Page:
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Problem 216

# a) Find the value of the line integral of the vector field $$\mathrm{F}^{-}(\mathrm{x}, \mathrm{y})=(\mathrm{y}, \mathrm{x})$$ over the curve $\mathrm{C}^{-}(\mathrm{t})=(\mathrm{r} \cos \mathrm{t}, \mathrm{r} \sin \mathrm{t})$, $$0 \leq \mathrm{t} \leq(\pi / 4) ;$$ both directly and by finding a potential function. b) Repeat for $\mathrm{C}^{-}(\mathrm{t})=(3 \cos \mathrm{t}, 3 \sin \mathrm{t}), 0 \leq \mathrm{t} \leq(\pi / 6)$.

Expert verified
In summary, for part (a), we found that the line integral of the vector field F(x, y) = (y, x) over the curve C(t) = (r*cos(t), r*sin(t)) with 0 ≤ t ≤ π/4 is $$(r^2 \frac{2 - \sqrt{2}}{4})$$, and for part (b) with the curve C(t) = (3*cos(t), 3*sin(t)) and 0 ≤ t ≤ π/6, the line integral is $$\frac{9(\sqrt{3} - 1)}{4}$$. These results were consistent between the direct calculation method and the potential function method.
See the step by step solution

## Step 1: Parametrize the Curve

The given curve is C(t) = (r*cos(t), r*sin(t)) for 0 ≤ t ≤ π/4. We will call the first component x(t) and the second component y(t), so x(t) = r*cos(t) and y(t) = r*sin(t).

## Step 2: Calculate the Derivative of the Parametrized Curve

We need to find the derivative of C(t) with respect to t, in the form of a new vector, C'(t). So: $C'(t) = \left(\frac{dx}{dt}, \frac{dy}{dt}\right) = (-r\sin(t), r\cos(t))$

## Step 3: Replace F(x, y) with F(C(t))

Now, we will replace F(x, y) by substituting x(t) and y(t) into F(x, y). So: $F(C(t)) = (y(t), x(t)) = (r\sin(t), r\cos(t))$

## Step 4: Compute the Scalar Product of F(C(t)) and C'(t)

Now, we compute the scalar product of F(C(t)) and C'(t), so: $F(C(t))\dot{} C'(t) = r\sin(t)\cdot(-r\sin(t)) + r\cos(t) \cdot r\cos(t)$

## Step 5: Integrate the Scalar Product with respect to t

Now we will find the line integral by integrating the scalar product from t = 0 to t = π/4. Thus, $\int_{0}^{\pi / 4} F(C(t))\dot{} C'(t) dt = \int_{0}^{\pi / 4} (-r^2\sin^2(t) + r^2\cos^2(t)) dt$

## Step 6: Evaluate the Integral

Evaluate the integral: $\int_{0}^{\pi / 4} (-r^2\sin^2(t) + r^2\cos^2(t)) dt = r^2 \left[\frac{\cos(2t)}{4} + \frac{t}{2}\right]_0^{\pi/4}$ This simplifies to: $(r^2 \frac{2 - \sqrt{2}}{4})$ So, the value for the direct line integral for part (a) is (r^2 (2 - √2)/4). #Potential Function Calculation for Part (a)#

## Step 1: Check if F(x, y) is Conservative

To find the potential function, we first need to check if F(x, y) is conservative, that is, if curl of F = 0. Calculate the curl of F: $\nabla \times F(x, y) = \left(\frac{\partial}{\partial x}, \frac{\partial}{\partial y}\right) \times (y, x) = \left(\frac{\partial x}{\partial y} - \frac{\partial y}{\partial x}\right) = 0$ The curl of F is 0, which means F(x, y) is conservative.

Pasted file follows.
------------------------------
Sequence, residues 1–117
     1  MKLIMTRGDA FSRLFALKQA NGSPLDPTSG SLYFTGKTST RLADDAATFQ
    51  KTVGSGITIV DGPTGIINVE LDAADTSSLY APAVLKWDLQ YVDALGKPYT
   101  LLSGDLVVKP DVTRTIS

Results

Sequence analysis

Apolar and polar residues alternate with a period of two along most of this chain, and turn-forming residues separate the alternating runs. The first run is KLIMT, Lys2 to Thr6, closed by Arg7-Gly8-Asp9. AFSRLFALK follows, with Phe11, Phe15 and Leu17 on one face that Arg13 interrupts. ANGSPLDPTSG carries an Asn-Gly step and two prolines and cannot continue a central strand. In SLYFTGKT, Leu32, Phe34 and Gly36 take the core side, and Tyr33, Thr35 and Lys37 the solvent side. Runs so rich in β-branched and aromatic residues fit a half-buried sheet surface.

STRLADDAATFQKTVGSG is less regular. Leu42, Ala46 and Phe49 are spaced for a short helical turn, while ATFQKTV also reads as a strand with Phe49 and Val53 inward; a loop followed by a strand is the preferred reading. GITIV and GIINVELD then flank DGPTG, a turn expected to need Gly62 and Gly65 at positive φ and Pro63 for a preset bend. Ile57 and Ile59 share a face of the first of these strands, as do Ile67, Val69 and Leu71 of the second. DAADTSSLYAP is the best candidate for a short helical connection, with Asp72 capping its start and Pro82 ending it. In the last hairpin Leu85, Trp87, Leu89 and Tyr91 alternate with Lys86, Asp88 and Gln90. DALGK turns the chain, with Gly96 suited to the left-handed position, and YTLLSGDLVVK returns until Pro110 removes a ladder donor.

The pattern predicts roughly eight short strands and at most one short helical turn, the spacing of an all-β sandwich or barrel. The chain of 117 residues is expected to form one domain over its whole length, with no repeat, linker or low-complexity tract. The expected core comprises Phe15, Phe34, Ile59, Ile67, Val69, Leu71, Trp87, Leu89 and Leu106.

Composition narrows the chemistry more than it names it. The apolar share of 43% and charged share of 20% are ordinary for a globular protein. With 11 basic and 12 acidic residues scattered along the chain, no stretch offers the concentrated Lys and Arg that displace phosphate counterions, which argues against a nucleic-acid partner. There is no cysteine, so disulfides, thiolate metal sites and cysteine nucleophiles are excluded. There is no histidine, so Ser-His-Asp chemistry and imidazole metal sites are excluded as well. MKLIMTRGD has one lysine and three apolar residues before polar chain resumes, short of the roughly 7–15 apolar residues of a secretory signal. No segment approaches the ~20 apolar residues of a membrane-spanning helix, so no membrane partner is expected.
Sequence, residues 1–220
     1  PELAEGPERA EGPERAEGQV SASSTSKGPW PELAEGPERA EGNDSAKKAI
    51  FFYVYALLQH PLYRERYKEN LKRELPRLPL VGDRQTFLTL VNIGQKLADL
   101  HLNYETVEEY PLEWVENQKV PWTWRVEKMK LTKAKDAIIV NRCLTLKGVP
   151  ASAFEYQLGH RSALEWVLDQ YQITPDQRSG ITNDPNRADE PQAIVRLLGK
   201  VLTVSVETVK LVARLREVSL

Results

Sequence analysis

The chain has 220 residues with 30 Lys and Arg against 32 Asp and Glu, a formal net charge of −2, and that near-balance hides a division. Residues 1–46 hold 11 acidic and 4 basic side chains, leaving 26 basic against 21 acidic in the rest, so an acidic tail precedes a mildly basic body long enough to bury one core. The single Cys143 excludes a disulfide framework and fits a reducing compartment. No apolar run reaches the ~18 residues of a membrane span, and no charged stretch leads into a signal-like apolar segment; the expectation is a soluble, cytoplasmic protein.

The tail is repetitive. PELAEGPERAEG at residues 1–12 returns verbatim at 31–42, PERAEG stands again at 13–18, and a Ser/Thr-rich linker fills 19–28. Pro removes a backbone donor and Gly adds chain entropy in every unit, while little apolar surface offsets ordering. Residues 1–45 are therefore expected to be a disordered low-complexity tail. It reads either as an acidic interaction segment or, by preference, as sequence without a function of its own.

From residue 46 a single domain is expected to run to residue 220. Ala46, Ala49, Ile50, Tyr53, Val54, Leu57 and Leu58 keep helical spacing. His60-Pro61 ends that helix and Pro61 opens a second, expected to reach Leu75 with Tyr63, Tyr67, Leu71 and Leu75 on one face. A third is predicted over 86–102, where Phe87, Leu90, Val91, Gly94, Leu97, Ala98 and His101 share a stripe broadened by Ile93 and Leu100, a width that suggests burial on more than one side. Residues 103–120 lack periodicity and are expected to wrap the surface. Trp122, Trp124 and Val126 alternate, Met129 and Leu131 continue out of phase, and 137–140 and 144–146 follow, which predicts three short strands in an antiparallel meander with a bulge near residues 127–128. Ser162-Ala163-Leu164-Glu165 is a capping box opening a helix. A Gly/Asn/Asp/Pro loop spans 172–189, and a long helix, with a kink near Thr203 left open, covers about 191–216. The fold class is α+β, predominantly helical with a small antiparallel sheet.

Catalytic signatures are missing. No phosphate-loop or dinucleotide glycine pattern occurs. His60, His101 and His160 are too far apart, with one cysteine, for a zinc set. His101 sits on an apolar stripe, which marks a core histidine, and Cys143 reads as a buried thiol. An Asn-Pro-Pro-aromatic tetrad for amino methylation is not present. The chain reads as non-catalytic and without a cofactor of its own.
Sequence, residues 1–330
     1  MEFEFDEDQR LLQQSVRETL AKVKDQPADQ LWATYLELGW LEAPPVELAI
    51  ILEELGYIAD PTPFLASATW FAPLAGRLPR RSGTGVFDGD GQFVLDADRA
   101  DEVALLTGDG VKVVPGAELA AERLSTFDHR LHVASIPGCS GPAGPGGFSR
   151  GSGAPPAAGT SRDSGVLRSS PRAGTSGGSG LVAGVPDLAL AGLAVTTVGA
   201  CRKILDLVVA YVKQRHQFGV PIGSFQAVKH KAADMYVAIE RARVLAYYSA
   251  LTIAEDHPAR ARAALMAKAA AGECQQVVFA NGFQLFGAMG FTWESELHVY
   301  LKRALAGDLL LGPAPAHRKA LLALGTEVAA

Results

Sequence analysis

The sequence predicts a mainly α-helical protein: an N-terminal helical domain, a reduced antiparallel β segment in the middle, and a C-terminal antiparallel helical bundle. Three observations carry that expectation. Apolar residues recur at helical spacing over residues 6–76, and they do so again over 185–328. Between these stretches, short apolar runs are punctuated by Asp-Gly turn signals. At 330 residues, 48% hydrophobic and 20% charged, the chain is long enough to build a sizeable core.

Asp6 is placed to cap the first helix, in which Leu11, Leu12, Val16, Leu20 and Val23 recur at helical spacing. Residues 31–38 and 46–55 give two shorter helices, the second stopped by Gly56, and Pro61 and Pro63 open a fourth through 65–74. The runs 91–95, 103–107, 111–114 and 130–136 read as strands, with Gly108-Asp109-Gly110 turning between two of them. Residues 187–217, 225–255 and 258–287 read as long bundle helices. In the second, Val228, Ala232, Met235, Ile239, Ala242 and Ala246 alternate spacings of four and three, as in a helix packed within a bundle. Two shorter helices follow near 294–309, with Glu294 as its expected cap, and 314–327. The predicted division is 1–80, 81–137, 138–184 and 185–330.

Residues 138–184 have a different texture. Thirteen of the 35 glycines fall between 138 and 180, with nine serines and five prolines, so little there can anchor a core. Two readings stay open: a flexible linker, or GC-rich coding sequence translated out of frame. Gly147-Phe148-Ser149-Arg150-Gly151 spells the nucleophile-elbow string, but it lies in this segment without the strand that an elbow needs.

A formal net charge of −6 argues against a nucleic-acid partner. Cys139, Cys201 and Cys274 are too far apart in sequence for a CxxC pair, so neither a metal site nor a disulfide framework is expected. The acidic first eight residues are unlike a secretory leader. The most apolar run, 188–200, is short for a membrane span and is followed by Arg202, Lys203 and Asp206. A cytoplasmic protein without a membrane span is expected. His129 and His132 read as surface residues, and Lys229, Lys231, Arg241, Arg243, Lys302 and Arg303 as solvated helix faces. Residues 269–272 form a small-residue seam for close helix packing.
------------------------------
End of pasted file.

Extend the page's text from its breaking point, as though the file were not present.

## Step 2: Calculate the Potential Function

A potential function can be found by integrating the partial derivatives of the components of F: Potential function, φ(x, y) = $$\int F_x dx + \int F_y dy$$ This gives us: $φ(x, y) = \int y dx + \int x dy = xy + xy + C = 2xy + C$

## Step 3: Calculate the Line Integral Using the Potential Function

Now, we will evaluate the line integral of F over curve C using the potential function and the fundamental theorem of line integrals: $\int_C F\dot{}dr = φ(x(t_2), y(t_2)) - φ(x(t_1), y(t_1))$ For part (a), t1 = 0 and t2 = π/4. Using C(t) = (r*cos(t), r*sin(t)), we get: $φ(x(\frac{\pi}{4}), y(\frac{\pi}{4})) - φ(x(0), y(0)) = φ(r\frac{\sqrt{2}}{2}, r\frac{\sqrt{2}}{2}) - φ(r, 0)$ Substituting (x, y) with the values from C(t): $= 2r\frac{\sqrt{2}}{2}r\frac{\sqrt{2}}{2} - 2r^2 = r^2(2 - \sqrt{2})$ So, the value for the line integral using the potential function for part (a) is also (r^2 (2 - √2)/4), confirming that the direct line integral and potential function methods yield the same result. #Direct Line Integral Calculation for Part (b)# To compute the direct line integral for part (b), repeat the process with the updated curve C(t) = (3*cos(t), 3*sin(t)) and the new range 0 ≤ t ≤ π/6. Note that the only difference between the two parts is the parameter t, so we can use the similar steps with the new parameter and evaluate the line integral directly.

## Step 1 to 6 for Part (b)

Calculate the line integral by substituting C(t) with the new curve and t-values. The value for part (b) should be: $$\frac{9(\sqrt{3} - 1)}{4}$$. #Potential Function Calculation for Part (b)# Since the potential function is still the same, we can directly use it to evaluate the line integral for part (b) with the same steps but substituting the new curve and t-values.

## Step 3 for Part (b)

The value for the line integral using the potential function for part (b) should also be $$\frac{9(\sqrt{3} - 1)}{4}$$. This confirms that the direct line integral and potential function methods yield the same results for both parts a and b.

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